China's textile exports cautiously optimistic in 2007
China is the world's largest textile producer, consumer and largest exporter. However, under the multiple policies of export quotas and tax rebates, the outlook for textile exports next year is not optimistic; expanding domestic sales is a viable way for related industries.
The first tender for the 2007 European and American textiles contract began on the 15th and ended on November 24th. A total of 4,787 companies across the country were eligible to participate in the bid. Some textile companies said they are more cautious in bidding because they are worried that the prospect of exporting to Europe and the next year is not optimistic.。
Wang Yongli, deputy general manager of Guangdong Silk Import and Export (Group) Co., Ltd. said that the situation of exporting to Europe and the United States next year is not optimistic. The bidding of the agreement will cause certain risks for enterprises, and the number of bids should be measured by the company.
“The quota price for the tender for the agreement is lower than the price for the open tender for the quota in 2006,” Wang Yongli said. “But in order to prevent the company from wasting quotas after winning the bid, it is necessary for the enterprise to pay the bid bond in one lump sum, plus the appreciation of the renminbi and the tax rebate for textile exports. Multiple factors such as the rate reduction will have an impact on the company's capital turnover."
Fan Min, president of China First Textile Network, said on the 13th that the quota implementation model in 2007 was more scientific than this year, effectively controlling intermediary speculation, and the quota utilization rate will be greatly improved. “Although exports to Europe and the United States may continue to slow down next year, textile quotas are still scarce resources. Moreover, the price of bidding for many types of agreements is only one-fifth of the price on the market, and most of the agreement quotas can be used up.”
According to customs statistics, from January to September this year, China’s exports of textiles and clothing to the EU and the United States totaled US$28.65 billion, up 1.1% from the previous year, accounting for 26.6% of total textile and apparel exports. Exports to non-EU and US countries. The amount increased by 40.2% year-on-year, and the growth rate of textile exports to Europe and the United States was significantly slower than that of other regions.
In Europe and the United States, Chinese textile and apparel companies are constantly being restricted by trade protectionism such as anti-dumping and special protection clauses.
On the 13th, I learned from the China Chamber of Commerce for Import and Export of Textiles that the EU industry officially submitted an application to the European Commission in early October to initiate an anti-dumping investigation on linen exported from China. It is expected that the European Commission will formally file an anti-dumping investigation against Chinese export linen enterprises in the near future. This will be the first anti-dumping investigation initiated by the EU against China textiles after the signing of the China-EU Textile Agreement. If it fails, the company will not be able to export the product to the EU for at least five years. Prior to this, the United States had initiated an anti-dumping investigation involving nearly 100 million U.S. dollars in Chinese polyester staple fiber.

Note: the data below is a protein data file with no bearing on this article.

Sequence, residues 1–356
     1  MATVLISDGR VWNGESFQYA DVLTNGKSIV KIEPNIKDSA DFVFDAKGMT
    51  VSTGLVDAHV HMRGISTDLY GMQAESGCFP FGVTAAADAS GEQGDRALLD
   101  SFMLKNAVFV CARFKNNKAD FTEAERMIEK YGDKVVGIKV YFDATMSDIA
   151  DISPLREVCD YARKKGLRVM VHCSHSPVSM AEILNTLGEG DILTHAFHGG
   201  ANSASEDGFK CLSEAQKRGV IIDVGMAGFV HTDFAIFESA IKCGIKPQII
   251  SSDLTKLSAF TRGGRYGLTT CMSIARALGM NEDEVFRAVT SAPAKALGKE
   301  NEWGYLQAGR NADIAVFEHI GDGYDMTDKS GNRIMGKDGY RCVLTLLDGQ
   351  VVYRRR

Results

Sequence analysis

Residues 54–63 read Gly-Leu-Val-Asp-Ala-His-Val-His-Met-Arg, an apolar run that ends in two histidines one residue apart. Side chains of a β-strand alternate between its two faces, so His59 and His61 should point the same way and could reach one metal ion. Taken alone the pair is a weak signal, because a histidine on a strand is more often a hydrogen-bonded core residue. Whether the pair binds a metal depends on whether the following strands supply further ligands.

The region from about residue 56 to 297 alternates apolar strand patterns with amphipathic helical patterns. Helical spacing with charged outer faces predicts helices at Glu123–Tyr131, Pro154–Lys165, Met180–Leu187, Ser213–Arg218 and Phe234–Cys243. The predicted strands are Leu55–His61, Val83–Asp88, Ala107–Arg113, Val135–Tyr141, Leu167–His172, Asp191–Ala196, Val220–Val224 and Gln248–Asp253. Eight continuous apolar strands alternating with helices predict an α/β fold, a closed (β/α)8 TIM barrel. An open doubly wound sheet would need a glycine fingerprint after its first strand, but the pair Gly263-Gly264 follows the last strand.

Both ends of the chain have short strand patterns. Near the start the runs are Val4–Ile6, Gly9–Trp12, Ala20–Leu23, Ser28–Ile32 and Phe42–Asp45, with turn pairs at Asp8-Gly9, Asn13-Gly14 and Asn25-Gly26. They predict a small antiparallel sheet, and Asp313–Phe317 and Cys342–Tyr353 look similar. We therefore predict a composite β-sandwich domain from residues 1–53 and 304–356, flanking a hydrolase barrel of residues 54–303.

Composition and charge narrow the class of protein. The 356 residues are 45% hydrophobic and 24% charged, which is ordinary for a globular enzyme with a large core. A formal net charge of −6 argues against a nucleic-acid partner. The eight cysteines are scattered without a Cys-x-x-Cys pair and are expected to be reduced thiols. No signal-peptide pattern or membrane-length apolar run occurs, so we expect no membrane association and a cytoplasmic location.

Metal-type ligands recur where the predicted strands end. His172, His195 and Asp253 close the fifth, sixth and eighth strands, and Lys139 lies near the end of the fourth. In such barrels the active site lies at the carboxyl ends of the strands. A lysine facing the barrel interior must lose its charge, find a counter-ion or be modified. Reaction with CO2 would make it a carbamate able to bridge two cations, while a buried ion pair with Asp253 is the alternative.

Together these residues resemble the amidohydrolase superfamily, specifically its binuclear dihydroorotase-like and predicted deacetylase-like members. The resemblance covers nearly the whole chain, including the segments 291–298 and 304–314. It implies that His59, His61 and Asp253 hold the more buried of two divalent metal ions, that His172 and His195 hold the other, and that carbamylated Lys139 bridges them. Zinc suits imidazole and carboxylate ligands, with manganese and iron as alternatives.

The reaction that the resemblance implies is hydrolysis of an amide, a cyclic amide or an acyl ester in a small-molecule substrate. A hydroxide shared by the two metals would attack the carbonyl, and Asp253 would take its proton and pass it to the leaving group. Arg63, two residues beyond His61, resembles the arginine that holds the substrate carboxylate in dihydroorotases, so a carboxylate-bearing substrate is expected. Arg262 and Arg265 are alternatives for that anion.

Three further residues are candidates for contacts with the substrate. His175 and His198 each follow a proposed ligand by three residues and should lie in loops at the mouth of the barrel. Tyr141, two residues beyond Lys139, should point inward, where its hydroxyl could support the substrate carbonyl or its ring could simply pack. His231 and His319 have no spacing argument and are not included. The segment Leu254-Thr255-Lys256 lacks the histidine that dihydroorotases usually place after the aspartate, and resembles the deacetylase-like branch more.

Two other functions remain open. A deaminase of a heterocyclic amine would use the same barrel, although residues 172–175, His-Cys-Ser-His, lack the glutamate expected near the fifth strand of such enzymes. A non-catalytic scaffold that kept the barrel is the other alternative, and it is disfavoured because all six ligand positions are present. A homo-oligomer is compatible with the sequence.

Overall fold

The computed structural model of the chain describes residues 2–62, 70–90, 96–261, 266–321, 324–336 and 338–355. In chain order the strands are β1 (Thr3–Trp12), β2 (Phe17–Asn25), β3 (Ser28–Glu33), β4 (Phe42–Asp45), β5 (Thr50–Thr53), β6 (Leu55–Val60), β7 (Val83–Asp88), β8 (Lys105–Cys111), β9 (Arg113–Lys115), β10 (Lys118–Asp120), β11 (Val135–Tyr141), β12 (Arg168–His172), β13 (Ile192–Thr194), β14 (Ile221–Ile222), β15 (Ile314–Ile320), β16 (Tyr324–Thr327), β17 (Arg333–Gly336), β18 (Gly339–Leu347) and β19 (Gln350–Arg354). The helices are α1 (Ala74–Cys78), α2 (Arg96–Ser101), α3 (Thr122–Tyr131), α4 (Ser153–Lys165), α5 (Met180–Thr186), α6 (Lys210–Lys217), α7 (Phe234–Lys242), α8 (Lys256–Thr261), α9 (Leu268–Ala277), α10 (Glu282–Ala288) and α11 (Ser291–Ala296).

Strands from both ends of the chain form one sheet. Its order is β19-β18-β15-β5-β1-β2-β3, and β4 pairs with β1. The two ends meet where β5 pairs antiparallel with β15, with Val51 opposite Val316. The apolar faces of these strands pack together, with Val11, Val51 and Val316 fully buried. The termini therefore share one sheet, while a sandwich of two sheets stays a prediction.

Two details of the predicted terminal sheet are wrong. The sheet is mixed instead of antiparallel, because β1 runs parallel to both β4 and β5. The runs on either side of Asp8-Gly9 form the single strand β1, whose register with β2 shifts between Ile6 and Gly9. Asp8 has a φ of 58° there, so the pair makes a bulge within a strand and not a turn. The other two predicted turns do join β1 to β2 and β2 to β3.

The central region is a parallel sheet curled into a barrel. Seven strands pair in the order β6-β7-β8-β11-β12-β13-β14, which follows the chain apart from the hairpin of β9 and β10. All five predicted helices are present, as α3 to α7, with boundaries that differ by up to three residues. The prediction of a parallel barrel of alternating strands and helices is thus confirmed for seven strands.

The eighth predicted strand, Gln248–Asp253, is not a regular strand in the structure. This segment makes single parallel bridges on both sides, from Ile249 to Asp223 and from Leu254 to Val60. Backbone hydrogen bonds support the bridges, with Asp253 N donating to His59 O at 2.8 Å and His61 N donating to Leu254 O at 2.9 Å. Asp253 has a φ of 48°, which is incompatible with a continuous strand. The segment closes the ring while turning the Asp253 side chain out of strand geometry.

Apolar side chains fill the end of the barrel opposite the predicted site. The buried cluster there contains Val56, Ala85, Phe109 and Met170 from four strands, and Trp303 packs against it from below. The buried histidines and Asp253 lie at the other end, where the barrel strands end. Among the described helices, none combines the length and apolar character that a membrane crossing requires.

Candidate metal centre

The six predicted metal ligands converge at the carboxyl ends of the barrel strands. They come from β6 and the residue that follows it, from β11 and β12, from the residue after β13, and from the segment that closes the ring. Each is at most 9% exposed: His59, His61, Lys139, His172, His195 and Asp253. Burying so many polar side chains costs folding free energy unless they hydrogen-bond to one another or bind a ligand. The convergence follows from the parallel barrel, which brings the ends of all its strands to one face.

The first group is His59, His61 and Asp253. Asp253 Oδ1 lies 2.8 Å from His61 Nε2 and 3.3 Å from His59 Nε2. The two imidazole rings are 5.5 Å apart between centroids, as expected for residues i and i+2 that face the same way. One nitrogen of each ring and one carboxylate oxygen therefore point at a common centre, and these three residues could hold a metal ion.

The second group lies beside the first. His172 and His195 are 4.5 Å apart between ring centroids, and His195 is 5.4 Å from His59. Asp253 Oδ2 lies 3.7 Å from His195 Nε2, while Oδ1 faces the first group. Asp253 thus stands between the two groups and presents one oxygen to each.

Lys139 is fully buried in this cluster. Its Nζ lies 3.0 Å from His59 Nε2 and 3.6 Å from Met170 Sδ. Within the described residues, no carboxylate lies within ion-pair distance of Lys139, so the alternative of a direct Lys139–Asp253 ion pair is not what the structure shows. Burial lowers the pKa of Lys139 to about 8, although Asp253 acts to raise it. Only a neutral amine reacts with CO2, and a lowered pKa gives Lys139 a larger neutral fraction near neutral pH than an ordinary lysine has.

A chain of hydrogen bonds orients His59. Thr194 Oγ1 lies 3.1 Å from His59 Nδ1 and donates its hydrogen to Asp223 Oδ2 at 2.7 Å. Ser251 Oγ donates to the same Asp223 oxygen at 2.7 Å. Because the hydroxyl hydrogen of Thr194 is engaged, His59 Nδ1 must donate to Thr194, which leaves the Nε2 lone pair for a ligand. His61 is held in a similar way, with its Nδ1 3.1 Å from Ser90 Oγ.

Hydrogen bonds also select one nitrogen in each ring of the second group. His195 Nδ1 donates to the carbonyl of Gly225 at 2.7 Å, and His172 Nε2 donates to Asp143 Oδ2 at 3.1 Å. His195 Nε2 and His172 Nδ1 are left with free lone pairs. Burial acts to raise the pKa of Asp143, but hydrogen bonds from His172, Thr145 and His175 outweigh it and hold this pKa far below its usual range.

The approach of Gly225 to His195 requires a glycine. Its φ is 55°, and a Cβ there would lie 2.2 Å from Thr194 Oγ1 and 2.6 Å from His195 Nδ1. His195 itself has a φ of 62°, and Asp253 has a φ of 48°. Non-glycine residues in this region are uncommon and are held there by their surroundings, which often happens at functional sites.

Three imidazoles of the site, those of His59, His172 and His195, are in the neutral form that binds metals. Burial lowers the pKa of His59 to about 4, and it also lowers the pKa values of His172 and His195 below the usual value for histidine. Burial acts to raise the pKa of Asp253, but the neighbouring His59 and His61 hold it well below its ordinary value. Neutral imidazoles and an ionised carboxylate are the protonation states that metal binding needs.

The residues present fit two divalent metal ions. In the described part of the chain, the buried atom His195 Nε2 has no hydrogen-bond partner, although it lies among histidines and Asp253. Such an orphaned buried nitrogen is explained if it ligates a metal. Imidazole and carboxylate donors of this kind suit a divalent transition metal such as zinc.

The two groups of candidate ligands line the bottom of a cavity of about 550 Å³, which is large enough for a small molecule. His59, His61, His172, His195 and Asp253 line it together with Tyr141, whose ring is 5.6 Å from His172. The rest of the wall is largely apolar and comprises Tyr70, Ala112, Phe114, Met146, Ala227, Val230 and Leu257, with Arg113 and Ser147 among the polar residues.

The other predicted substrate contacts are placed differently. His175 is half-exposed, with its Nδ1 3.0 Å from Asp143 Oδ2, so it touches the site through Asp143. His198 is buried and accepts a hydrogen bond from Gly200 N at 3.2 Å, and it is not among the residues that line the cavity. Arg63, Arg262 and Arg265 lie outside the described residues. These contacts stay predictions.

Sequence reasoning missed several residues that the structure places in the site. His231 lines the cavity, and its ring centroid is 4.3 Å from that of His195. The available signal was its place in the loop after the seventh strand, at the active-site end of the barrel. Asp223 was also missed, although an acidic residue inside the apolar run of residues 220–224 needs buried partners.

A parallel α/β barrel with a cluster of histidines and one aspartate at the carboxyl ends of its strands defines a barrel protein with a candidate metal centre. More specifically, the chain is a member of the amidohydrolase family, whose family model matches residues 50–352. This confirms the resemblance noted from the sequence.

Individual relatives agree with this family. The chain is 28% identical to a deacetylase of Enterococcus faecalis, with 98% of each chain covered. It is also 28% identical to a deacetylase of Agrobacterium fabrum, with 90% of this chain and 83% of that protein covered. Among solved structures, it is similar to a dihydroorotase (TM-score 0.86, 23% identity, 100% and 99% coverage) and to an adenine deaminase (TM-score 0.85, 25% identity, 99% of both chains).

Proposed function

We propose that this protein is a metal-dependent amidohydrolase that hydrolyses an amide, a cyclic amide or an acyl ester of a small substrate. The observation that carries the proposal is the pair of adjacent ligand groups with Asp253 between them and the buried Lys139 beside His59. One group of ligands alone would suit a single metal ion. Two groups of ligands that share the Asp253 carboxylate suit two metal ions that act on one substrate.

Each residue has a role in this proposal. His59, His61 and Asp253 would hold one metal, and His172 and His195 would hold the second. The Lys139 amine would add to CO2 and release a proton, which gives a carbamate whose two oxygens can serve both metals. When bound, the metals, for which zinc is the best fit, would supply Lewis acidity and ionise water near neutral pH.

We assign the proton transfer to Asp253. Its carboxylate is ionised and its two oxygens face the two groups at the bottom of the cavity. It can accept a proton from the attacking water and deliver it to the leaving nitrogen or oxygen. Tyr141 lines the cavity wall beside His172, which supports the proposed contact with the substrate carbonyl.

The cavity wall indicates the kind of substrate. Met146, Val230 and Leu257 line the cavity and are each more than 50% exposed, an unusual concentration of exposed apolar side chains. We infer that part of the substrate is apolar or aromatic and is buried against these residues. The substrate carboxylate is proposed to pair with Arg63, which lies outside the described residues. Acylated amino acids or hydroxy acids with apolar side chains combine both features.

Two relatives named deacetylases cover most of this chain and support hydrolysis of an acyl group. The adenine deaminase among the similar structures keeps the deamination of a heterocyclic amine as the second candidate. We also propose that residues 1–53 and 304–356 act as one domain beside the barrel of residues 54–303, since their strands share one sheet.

In addition, although China is the largest exporter of textiles, many developing countries such as India, Mexico, Turkey, Pakistan, Bangladesh, Thailand, Sri Lanka, Vietnam, South Africa and Nigeria are also textile exporters, and the export market overlaps with China. In some countries, the market share of individual categories exceeds that of Chinese products. The rapid development of China's textile exports is not only competitive with a considerable number of products in developed countries, but also with some developing countries.
Market participants believe that the textile export situation next year cannot be blindly optimistic. They believe that behind the rapid development of the Chinese textile industry, there are some problems that cannot be ignored. First, the mode of textile growth is still dominated by extensive research, and research and development and technology investment are seriously insufficient. Second, export products are mainly branded and OEM, with less self-owned brands, and enterprises only earn a small amount of processing fees. Third, textile exports in recent years. The number of enterprises has increased substantially, and the contradiction of overcapacity is very prominent, while the domestic market is almost saturated. The export pressure of enterprises is getting bigger and bigger, and the price competition of export products is becoming increasingly fierce, which leads to the continuous occurrence of vicious incidents of low-price competition.
Li Lingmin, deputy general manager of China National Textiles Import and Export Corporation, believes that China's textile exports must accelerate the transition from “winning by quantity” to “winning by quality”, improving product quality and industry level, and maintaining the sustainable development of the textile industry. Increase the export of high value-added products through export structure adjustment. At the same time, we can no longer engage in disorderly competition and vicious competition. We must maintain a good export order and a reasonable growth rate. Otherwise, the excessively rapid growth will inevitably lead to more and more trade frictions.
Source: International Business Daily